Making the most of aerospace plastics

Editor’s choice: The right materials, with the right application and manufacturing processes, can produce parts that are lightweight, regulation compliant, and cost efficient.

Lightweighting, maintaining compliance in an ever-changing regulatory environment, and finding manufacturing and cost efficiencies are the biggest challenges faced by aerospace designers. Parts and systems that address these challenges demand a deep understanding of material capabilities and the processing methods that are best suited to each part or system. The following case studies illustrate the ways in which the right materials, married with the right application and manufacturing processes, can help achieve those critical objectives.

Improving design, manufacturing

When Taylor-Deal Aviation LLC in Dallas, needed a way to produce small volume parts quickly and cost-effectively, it turned to SABIC’s Innovative Plastics business and Stratasys Inc. SABIC, Pittsfield, Mass., offered strong, lightweight, flame-retardant ULTEM 9085 resin, a polyetherimide (PEI) material. That resin, coupled with fused deposition modeling (FDM) technology from Minneapolis-based Stratasys, enabled Taylor-Deal Aviation to create specialty fluid- and air-handling parts in hours rather than weeks. Additionally, the material met the latest industry regulations for flame-smoke-toxicity.

Leveraging the benefits

The properties of ULTEM 9085 resin are suited to the aerospace industry and to FDM processing. Stratasys’ FDM additive manufacturing process creates three-dimensional parts, layer-by-layer, directly from CAD files for use in design verification, prototyping and development. Geometric limitations in custom aircraft designs can make traditional manufacturing methods ineffective. Stratasys’ FDM technology solved two key challenges – greater part complexity and consolidation of numerous parts. In addition, the process avoided costly tooling for fiberglass parts and machining costs for metallic parts, which are often too expensive for low production runs.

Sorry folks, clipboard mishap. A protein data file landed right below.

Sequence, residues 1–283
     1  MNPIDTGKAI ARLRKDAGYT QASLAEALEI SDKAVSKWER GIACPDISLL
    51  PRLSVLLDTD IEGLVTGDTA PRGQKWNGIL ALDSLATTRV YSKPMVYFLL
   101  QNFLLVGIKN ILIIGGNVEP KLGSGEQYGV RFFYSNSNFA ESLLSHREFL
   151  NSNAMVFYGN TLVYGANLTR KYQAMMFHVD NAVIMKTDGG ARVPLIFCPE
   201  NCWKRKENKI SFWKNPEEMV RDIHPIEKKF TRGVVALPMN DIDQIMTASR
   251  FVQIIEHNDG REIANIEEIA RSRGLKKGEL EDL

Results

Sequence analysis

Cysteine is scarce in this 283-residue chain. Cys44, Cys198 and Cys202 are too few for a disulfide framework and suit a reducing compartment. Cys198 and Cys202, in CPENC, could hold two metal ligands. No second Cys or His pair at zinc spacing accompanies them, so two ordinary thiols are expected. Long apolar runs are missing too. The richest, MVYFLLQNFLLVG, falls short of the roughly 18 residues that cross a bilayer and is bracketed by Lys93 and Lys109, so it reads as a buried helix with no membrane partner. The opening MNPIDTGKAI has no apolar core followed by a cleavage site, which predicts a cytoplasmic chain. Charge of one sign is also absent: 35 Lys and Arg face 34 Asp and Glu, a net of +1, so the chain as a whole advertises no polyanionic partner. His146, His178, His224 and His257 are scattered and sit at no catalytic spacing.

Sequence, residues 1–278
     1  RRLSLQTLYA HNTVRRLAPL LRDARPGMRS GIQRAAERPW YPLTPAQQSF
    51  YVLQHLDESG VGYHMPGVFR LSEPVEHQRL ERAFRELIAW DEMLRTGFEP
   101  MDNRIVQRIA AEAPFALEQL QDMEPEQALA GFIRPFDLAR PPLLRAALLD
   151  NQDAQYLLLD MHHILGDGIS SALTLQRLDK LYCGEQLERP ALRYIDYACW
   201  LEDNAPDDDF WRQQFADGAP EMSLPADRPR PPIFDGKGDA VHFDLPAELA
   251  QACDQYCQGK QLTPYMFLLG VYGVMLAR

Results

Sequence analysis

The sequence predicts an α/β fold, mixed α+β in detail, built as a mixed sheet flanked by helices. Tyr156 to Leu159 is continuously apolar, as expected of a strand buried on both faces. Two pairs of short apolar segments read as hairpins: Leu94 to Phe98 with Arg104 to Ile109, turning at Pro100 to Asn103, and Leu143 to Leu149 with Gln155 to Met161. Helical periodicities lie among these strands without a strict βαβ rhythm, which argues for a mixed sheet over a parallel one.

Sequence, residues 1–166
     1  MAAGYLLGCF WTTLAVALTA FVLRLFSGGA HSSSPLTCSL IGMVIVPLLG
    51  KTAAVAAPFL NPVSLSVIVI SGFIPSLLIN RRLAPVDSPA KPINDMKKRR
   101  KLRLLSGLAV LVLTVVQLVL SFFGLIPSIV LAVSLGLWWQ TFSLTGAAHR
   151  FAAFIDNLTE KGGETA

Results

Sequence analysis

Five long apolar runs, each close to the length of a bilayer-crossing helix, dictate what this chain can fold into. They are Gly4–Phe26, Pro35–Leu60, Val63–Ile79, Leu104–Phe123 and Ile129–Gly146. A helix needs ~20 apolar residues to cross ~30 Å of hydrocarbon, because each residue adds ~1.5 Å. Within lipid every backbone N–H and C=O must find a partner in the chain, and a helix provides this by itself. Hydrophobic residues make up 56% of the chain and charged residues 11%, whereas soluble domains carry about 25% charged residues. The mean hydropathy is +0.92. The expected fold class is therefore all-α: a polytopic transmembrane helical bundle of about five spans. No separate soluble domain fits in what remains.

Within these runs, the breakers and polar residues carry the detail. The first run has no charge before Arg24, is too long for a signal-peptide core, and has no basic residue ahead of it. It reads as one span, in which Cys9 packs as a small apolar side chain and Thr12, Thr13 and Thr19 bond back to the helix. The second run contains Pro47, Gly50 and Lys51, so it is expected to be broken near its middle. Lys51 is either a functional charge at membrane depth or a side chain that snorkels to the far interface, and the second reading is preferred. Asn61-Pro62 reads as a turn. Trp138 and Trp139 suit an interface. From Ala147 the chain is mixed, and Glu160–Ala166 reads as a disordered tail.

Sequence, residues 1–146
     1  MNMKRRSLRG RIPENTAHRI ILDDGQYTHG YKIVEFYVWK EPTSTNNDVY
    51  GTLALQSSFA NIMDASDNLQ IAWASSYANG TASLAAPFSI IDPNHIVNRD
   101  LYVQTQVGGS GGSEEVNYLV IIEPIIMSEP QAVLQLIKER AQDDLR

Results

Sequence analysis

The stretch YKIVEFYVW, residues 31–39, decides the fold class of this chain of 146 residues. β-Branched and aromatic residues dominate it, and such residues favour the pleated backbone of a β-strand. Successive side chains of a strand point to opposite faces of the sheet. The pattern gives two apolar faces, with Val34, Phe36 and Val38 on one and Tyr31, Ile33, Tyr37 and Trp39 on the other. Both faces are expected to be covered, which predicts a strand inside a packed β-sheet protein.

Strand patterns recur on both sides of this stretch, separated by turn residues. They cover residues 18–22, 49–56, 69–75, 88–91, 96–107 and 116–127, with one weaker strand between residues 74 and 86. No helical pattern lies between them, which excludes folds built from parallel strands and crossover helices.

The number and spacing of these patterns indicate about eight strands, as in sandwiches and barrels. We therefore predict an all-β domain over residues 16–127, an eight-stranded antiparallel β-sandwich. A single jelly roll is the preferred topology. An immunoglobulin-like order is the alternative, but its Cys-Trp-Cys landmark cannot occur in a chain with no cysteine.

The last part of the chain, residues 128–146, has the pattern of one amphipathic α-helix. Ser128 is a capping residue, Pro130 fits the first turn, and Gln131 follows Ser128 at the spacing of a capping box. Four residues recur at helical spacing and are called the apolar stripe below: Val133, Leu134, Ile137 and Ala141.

Combining the ULTEM resin with a nimble processing method helped Taylor-Deal Aviation create novel designs and rapidly supply customers with lightweight components that improve fuel efficiency.

Compatibility with regulations

Unlike polyetheretherketone (PEEK), ULTEM 9085 resin is flame retardant without additives and compliant with Federal Aviation Agency (FAA) FAR 25.853 and Ohio State University (OSU) 55/55. The resin also provides a high strength-to-weight ratio, elevated thermal resistance, high strength and stiffness, and broad chemical resistance.

FDM technology using ULTEM resin is suitable for manufacturing components with complex geometries – such as parts and ductwork to handle air or fluids in hidden spaces – offering a solution for the aerospace, mass transportation, automotive, and healthcare industries where it is vital to remove manufacturing costs, eliminate weight, improve design freedom, or meet safety standards.